Come see how I make these rustic DIY wood candle holders in four easy steps. This centerpiece makes the perfect seasonal decor for your tabletop any time of year. Just rotate out the candle colors and see its magic each holiday and season. Simple and timeless.
Today I want to show you how to make the easiest rustic table centerpiece ever. It costs dollars if you already have some stain and the proper tools on hand. You may even already have an extra piece of wood laying around to make this DIY candle holder. It’s so easy!
Around the holidays, I was scrolling on social media and noticed someone I followed had been gifted a handmade candle holder. Hers was darker than mine and probably a different size and had lots of small, skinny candlesticks sticking out of it. It looked like such a fun centerpiece for winter. All that candlelight during a cold, dark evening would create a wonderful ambiance to share a cozy dinner with someone over.
I screenshot the photo and decided I had to make my own version of this.
Finally, nearing the spring season, I decided I’d give this project a shot with my husband’s help and we made the coolest centerpiece yet.
The final product is so simple and fun, but I could see it dressed up a bit more sophisticated for a more serious event, too. All white candlesticks with flowers and foliage wrapping around the block along the center length of the table would elevate this rustic piece. It could be truly stunning in no time.
I personally decided that since it’s almost spring I would buy candlesticks that were mostly pastels and could even be used for an Easter gathering. I love how it turned out.
This project was too easy not to share.
Let’s begin with some ideas and supplies before I outline how to make a DIY wood candle holder.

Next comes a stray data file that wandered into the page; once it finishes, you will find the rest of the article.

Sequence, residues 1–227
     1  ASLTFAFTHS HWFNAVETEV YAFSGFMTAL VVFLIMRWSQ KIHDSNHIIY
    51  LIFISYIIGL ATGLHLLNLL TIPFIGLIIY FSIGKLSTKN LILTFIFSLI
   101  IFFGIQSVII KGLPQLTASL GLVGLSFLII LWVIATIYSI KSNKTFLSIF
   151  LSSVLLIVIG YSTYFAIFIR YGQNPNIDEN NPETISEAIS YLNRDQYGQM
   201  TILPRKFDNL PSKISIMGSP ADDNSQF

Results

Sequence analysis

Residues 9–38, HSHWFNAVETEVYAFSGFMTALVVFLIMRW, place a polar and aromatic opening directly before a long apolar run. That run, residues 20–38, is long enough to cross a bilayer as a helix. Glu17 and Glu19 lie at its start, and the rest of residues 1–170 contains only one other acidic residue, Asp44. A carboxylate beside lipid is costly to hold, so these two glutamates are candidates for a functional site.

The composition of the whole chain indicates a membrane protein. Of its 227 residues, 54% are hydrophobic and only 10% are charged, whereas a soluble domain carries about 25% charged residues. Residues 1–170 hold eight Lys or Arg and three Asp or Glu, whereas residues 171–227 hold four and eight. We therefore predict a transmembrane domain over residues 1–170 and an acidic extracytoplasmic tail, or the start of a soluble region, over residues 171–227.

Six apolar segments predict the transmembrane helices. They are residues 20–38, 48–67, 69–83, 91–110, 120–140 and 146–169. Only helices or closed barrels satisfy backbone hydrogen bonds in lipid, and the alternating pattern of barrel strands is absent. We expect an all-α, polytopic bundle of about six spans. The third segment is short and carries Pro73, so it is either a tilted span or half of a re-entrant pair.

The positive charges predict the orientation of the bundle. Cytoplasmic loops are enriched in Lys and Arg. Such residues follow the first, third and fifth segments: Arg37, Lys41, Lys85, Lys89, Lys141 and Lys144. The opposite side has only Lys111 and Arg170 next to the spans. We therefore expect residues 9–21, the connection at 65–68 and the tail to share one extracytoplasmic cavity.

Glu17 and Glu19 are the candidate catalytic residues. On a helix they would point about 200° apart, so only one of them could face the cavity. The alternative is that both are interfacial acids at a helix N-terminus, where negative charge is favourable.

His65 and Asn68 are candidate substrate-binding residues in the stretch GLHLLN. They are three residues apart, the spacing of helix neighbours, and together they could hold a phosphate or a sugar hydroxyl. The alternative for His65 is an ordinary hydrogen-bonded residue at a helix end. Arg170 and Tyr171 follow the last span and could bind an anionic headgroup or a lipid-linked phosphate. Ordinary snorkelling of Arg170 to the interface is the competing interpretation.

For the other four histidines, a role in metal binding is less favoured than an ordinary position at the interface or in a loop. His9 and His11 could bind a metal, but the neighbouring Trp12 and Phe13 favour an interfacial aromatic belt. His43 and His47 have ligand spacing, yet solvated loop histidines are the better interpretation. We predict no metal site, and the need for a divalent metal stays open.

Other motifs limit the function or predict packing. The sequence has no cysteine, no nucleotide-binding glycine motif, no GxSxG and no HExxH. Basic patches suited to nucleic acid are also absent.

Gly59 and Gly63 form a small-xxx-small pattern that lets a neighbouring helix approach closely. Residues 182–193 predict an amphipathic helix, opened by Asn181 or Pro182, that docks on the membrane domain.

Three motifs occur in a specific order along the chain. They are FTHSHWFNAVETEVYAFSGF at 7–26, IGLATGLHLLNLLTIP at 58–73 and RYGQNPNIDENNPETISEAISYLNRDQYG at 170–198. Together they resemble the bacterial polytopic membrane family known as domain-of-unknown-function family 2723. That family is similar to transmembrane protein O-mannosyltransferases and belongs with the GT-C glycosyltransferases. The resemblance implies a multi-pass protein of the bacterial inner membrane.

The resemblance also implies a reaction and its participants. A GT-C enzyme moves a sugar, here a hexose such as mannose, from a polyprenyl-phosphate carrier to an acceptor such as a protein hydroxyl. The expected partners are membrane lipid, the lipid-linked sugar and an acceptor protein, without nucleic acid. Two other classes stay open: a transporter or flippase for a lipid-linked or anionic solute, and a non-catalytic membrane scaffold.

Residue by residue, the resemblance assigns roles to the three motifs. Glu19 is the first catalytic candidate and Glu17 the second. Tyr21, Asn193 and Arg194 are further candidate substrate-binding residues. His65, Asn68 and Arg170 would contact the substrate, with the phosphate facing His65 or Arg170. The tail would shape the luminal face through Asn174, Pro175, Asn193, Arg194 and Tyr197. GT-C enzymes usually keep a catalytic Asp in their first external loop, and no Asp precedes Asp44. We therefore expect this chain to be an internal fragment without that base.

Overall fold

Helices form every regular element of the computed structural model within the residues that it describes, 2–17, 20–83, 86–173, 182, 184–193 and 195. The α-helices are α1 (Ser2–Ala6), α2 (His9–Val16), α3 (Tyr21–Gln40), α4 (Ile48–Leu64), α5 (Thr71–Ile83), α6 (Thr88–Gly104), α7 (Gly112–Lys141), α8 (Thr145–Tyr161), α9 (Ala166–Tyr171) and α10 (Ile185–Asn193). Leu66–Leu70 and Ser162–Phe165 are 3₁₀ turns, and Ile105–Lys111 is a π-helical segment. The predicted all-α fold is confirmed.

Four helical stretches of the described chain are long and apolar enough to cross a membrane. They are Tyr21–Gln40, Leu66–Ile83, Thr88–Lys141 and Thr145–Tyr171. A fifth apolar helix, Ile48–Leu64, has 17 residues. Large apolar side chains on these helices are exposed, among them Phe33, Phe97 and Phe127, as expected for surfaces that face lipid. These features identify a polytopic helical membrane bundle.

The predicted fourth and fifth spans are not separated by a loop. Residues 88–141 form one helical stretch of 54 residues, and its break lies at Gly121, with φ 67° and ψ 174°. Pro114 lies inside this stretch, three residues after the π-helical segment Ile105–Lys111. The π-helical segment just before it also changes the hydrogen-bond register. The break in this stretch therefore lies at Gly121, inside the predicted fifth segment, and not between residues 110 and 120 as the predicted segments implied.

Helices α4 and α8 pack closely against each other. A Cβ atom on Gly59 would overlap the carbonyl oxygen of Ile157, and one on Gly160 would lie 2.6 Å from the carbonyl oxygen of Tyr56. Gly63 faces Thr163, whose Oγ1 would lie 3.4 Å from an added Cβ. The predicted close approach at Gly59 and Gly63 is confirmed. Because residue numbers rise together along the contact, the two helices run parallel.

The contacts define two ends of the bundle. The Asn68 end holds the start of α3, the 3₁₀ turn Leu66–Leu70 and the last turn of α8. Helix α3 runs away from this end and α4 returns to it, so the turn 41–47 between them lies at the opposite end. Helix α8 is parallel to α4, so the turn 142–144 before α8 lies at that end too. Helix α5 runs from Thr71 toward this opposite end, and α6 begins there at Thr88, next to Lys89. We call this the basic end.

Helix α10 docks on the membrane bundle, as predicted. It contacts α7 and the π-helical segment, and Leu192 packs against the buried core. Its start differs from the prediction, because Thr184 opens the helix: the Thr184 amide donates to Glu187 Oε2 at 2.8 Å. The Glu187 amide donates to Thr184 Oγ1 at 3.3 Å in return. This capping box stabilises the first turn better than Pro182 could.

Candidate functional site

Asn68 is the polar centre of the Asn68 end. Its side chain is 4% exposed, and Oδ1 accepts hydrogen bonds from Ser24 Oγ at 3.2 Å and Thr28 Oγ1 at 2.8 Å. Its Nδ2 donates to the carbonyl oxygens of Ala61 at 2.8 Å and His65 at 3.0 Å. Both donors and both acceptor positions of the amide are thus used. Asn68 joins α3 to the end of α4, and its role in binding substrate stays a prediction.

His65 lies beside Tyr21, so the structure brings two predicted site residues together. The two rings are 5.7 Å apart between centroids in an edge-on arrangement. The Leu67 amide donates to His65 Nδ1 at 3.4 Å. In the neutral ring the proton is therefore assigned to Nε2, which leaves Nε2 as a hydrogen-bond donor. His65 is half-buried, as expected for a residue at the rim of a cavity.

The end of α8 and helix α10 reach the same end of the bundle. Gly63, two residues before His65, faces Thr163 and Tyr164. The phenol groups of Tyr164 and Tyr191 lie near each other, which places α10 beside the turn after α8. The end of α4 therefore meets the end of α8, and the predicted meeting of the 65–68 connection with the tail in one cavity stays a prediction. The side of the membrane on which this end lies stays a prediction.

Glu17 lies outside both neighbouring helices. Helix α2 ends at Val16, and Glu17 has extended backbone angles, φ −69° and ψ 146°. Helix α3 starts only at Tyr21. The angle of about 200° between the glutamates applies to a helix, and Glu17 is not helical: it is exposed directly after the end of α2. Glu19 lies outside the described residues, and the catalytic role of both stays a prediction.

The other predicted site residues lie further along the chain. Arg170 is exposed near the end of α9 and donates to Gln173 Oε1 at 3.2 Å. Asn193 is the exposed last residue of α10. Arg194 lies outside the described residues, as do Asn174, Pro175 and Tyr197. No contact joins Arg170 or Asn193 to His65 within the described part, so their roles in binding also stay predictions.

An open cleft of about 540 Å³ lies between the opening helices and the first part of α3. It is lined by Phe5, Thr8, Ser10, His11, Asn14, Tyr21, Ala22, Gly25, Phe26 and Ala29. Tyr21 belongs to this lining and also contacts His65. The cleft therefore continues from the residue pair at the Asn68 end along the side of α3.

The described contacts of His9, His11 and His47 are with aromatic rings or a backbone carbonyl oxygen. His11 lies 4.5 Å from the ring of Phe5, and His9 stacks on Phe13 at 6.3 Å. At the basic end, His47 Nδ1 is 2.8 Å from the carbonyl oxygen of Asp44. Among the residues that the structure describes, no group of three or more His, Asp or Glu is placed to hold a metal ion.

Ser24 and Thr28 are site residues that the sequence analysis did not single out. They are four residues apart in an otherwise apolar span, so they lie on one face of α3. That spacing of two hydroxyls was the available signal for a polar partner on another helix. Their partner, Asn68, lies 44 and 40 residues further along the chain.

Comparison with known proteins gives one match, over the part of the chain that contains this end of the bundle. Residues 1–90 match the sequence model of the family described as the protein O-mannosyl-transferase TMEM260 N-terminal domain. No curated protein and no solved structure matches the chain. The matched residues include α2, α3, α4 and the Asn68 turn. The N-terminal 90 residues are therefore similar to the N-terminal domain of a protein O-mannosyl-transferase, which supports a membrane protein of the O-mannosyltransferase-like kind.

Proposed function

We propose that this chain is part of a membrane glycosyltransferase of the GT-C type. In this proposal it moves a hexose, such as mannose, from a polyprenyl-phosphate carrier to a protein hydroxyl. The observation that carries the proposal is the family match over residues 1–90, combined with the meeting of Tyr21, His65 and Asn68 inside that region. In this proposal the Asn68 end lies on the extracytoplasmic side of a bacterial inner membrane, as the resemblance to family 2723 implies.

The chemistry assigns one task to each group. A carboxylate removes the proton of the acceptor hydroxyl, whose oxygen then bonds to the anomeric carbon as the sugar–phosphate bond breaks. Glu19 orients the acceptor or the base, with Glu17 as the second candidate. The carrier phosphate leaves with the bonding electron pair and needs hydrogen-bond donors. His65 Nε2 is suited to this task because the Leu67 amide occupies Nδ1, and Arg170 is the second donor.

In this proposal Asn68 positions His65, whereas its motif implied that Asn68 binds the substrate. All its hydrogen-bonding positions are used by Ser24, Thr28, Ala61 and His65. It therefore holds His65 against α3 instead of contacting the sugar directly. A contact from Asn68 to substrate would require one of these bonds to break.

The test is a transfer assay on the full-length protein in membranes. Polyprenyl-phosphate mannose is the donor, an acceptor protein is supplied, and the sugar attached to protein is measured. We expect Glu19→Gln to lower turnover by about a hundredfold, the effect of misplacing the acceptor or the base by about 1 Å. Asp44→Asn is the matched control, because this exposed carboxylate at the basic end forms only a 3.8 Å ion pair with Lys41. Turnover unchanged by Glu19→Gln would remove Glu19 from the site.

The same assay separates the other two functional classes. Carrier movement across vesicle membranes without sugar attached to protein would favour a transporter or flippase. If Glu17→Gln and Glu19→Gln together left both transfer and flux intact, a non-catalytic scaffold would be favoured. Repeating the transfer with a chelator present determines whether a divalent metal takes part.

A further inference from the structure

How to Make a DIY Wood Candle Holder
Can this be customized?
Absolutely. In fact, I encourage you to do that. You can line your holes up in one straight row for a seamless flow of candles, or you can kind of scatter them like I did. You can use all of the same color of candles or use different colors. Same goes with candlestick sizes–the tapered effect can work very well. You can use whatever stain you would like. And the wood block itself can be whatever size you prefer with as many or as little holes drilled in as you want. Just depends on the impact you want to add with this centerpiece.
Supplies | DIY Wood Candle Holder
Spade drill bits of varying sizes (I love this kit HERE with 14 different sizes), with the 13/18-inch or ⅞-inch sizes recommended for most candlesticks
2x4x14 block of wood
Stain of choice
Rag or brush to apply stain
Circular saw, optional
Steps | DIY Wood Candle Holder
Start by cutting your wood board to about 14 inches if it is not already this size. You can always purchase a longer board to cut in half and make two of these.
Next, line up your candles to see how far you want them spaced apart on the block. After this, use a pencil to roughly mark where you’d like each candle. I made 7 dots to indicate where to drill each hole.
Use the correct size spade drill bit that fits your candlesticks to drill each of the holes. Drill about ½ – ¾ inch deep.
Grab some sandpaper and sand the block smooth on all sides and wipe it down afterward.
Apply stain to each side, using a rag or brush, letting it dry before staining the bottom. Be sure to work it in and wipe the stain off afterward. (Remember, we are staining, not painting. Stain soaks in and should not be sitting on top of the wood or it won’t dry properly and will leave a sticky, tacky residue that you don’t want.)
After the stain dries, fit each of your candles inside each of the holes. Use as a centerpiece for a tabletop for entertaining during holidays or during your favorite seasons as an everyday piece.
Tips for Success | DIY Wood Candle Holder
Be sure to start small and work your way up with the spade drill bits. If they’re too big, there’s no going back. Usually if a hole is slightly too small you can still squeeze a candlestick into it, but if it’s too big the candlestick won’t stand up straight safely.
I highly recommend testing the spade drill bits on an extra piece of wood first. If you’ve never used one it can feel kind of wonky at first and create uneven, lopsided holes. Furthermore, this allows you to gauge which size works for your candlesticks. If yours are a different size than mine, you will need a different size spade drill bit than I recommended.
When fitting the candles inside their holes, handle the candlestick by the base so you don’t break it. Especially if it’s a tighter fit. Slowly twist it in one direction. When it is firmly in place, you may need to wipe away candle wax residue that shaved off during insertion. Remember, it is a good thing if it fits tightly. You need the candlesticks to be secure and safe.
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